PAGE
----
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Here’s what follows:

‘Mille-feuille of smoked eel, foie gras, spring onions and green apple’
The caramelised topping makes this dish. From the swoosh of spring onion cream to the crisp slices of apple, every flavour stands its ground while working together harmoniously. Knockout in the first round!
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‘Red shrimp Royale and dill with Venta del Baron oil’
Venta del Baron has been awarded the title of the World’s Best Olive Oils by the Oscars of the culinary oil world, The New York International Olive Oil Competition (yes, there is such a feat). This dish infuses the flavoursome oil into this angelic white foam concealing put lentils and the sweet red prawns of the region in a shellfish bisque sabayon. Heaven in a pot!
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‘Caviar and turnip, with pork shank broth cubes and lemon’
Behind a window of razor-thin raw turnip carpaccio sits a pool of turnip cream studded with cubes of rich stock jelly, with a side-dressing of citrus foam and a generous dollop of Russian caviar. This is a phenomenal dish from every angle: the mix of textures (air, crunch, creaminess, pops of caviar) and the balance of flavours, from citrus acidity to mineral-rich alkaline root veg and roe.
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‘Lightly marinated warm oyster with iced cucumber slush and K5, and spicy apple’
Where do these oysters come from? Heaven? The Japanese accents of yuzu and mirin, mixed with the spiced apple foam, really suit this fat crustacean. K5 is a premium brand of the local grape Txakoli, adding a classic shellfish in white wine vibe.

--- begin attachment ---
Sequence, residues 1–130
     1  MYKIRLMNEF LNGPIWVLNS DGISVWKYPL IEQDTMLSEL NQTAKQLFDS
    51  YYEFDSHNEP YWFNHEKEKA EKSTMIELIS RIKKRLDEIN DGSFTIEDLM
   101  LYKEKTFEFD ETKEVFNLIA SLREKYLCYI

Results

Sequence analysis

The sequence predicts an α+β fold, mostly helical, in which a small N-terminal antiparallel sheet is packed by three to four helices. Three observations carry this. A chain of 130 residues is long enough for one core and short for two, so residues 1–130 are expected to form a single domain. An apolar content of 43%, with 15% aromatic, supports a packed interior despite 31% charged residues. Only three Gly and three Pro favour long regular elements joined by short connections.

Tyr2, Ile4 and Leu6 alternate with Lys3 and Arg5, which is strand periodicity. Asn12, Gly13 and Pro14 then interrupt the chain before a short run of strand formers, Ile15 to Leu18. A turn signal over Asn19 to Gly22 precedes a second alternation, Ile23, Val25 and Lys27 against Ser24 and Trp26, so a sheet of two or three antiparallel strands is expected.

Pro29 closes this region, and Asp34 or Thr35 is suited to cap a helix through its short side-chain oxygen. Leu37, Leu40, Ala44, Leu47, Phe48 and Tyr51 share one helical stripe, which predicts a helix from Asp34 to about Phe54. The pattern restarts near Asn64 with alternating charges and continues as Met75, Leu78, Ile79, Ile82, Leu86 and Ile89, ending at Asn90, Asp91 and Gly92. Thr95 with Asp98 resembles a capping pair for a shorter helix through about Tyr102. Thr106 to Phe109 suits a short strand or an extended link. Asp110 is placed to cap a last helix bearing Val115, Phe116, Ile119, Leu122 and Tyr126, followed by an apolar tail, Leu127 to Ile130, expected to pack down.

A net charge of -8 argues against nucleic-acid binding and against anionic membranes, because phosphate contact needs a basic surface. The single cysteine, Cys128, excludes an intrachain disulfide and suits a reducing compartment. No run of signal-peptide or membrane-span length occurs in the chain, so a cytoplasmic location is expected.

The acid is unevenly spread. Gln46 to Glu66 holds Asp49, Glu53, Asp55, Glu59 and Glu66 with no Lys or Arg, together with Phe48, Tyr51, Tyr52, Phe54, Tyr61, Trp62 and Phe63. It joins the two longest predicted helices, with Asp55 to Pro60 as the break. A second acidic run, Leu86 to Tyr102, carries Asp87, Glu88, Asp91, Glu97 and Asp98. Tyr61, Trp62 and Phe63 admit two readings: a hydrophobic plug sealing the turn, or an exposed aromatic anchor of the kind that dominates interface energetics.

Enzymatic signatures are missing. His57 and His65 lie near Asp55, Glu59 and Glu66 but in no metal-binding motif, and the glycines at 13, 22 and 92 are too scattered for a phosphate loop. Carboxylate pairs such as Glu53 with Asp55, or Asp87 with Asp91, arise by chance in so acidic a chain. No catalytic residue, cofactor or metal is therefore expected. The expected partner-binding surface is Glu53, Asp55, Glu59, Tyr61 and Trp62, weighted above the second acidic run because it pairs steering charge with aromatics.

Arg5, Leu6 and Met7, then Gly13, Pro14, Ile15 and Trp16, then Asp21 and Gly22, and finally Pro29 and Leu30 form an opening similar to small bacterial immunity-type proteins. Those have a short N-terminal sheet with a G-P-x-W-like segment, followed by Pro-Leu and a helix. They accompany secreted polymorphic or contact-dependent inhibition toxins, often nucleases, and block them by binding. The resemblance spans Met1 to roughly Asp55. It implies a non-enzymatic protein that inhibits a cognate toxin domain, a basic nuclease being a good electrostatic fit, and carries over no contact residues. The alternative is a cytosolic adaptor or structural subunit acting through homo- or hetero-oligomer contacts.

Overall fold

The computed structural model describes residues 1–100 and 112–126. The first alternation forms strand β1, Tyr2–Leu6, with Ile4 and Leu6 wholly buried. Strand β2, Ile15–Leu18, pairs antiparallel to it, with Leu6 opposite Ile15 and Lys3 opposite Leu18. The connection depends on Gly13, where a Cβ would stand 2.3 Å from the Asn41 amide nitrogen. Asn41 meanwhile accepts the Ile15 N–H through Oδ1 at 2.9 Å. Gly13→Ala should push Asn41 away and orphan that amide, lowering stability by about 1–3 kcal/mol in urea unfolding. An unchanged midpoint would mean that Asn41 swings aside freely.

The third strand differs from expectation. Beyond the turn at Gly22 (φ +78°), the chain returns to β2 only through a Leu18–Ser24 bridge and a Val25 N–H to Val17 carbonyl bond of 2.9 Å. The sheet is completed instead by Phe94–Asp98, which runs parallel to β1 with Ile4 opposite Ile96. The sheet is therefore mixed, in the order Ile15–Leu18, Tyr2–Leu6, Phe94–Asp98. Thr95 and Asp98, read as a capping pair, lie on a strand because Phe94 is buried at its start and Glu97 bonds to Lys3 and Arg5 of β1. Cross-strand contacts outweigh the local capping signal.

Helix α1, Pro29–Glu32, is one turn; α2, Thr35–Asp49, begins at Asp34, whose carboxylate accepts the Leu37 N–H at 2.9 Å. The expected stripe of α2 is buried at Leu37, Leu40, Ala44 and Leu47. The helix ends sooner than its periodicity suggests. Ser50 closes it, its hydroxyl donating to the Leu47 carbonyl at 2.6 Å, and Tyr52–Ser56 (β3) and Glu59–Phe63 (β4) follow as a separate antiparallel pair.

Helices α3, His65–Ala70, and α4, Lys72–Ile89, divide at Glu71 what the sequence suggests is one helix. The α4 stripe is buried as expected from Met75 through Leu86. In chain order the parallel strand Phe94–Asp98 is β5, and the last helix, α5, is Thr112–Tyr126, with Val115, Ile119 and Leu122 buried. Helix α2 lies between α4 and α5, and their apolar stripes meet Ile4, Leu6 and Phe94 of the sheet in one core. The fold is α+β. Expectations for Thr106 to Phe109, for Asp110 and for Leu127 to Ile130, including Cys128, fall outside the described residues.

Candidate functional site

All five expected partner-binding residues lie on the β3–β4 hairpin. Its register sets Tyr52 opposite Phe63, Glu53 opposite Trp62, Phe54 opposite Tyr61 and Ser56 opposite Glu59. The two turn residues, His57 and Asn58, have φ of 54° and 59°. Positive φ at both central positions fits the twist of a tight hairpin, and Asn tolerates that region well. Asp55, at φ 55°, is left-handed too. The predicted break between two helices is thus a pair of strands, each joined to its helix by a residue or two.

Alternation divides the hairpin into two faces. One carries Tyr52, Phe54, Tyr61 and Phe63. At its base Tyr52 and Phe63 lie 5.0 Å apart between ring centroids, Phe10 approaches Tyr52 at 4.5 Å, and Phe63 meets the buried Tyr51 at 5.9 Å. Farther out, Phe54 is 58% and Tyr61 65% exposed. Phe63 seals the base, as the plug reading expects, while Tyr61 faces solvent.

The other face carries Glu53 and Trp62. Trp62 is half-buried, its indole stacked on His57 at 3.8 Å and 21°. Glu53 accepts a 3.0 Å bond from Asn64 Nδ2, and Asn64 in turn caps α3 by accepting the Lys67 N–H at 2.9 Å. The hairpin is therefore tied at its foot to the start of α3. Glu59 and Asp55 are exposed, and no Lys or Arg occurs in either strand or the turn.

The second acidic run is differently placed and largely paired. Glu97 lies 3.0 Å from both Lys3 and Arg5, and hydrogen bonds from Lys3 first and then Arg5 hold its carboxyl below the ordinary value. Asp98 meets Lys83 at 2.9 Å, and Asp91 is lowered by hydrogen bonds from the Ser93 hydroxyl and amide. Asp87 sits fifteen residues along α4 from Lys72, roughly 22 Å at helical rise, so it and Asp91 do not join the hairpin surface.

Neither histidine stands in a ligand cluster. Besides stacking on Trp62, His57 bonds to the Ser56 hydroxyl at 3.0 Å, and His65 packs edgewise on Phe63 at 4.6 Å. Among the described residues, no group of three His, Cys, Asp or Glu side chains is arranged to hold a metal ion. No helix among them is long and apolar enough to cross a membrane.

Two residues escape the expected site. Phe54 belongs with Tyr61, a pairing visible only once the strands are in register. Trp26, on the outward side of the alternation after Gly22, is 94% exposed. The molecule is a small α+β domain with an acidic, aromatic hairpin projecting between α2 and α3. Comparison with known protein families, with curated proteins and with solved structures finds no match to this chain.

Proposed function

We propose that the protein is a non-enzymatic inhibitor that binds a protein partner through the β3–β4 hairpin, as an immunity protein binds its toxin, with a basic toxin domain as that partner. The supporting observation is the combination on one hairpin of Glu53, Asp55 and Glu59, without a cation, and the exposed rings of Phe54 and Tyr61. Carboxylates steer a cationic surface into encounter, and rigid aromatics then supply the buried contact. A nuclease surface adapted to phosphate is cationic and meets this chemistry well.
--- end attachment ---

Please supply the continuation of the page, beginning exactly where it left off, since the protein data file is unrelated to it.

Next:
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‘Beetroot juice and a diced raw horseradish in salad, taramasalata steeped in citrus’
Jellies feature regularly in Berasategui’s dishes. This one has a flat disk of beetroot jelly dotted with mild horseradish cream, a quenelle of diced vinaigrette-dressed beetroot, a ruby-coloured rhubarb emulsion (which tastes like beer, actually), and the star of the show, these little rolls of salmon roe cream. Salty salmon and earthy beetroot work so well together. The beet crisp on the side adds a pretty flutter, as well as a bit of crunch.
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‘Vegetable hearts salad with seafood, cream of lettuce and iodized juice’
This dish is such a pretty little garden; translucent crescents of radish, chopped macadamia nuts, micro herbs, turnip carpaccio, green peas, avocado, edible petals, chunks of crab, lettuce cream and bisque cream decorate a thin base of clear tomato jelly. Every bite’s a delight.
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‘Green and black olive with beef, caper and mustard’
This yolk-topped beef tartare wrap is one for serious meat lovers. The vinegars in this dish overpower my taste buds – a lot of strong flavours, from the cured meat to the olives spheres, are competing for attention here. The FD has to finish mine off – he doesn’t seem to mind.
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‘“The Truffle” with fermented wild mushrooms and collard greens with Alma de Jerez oil’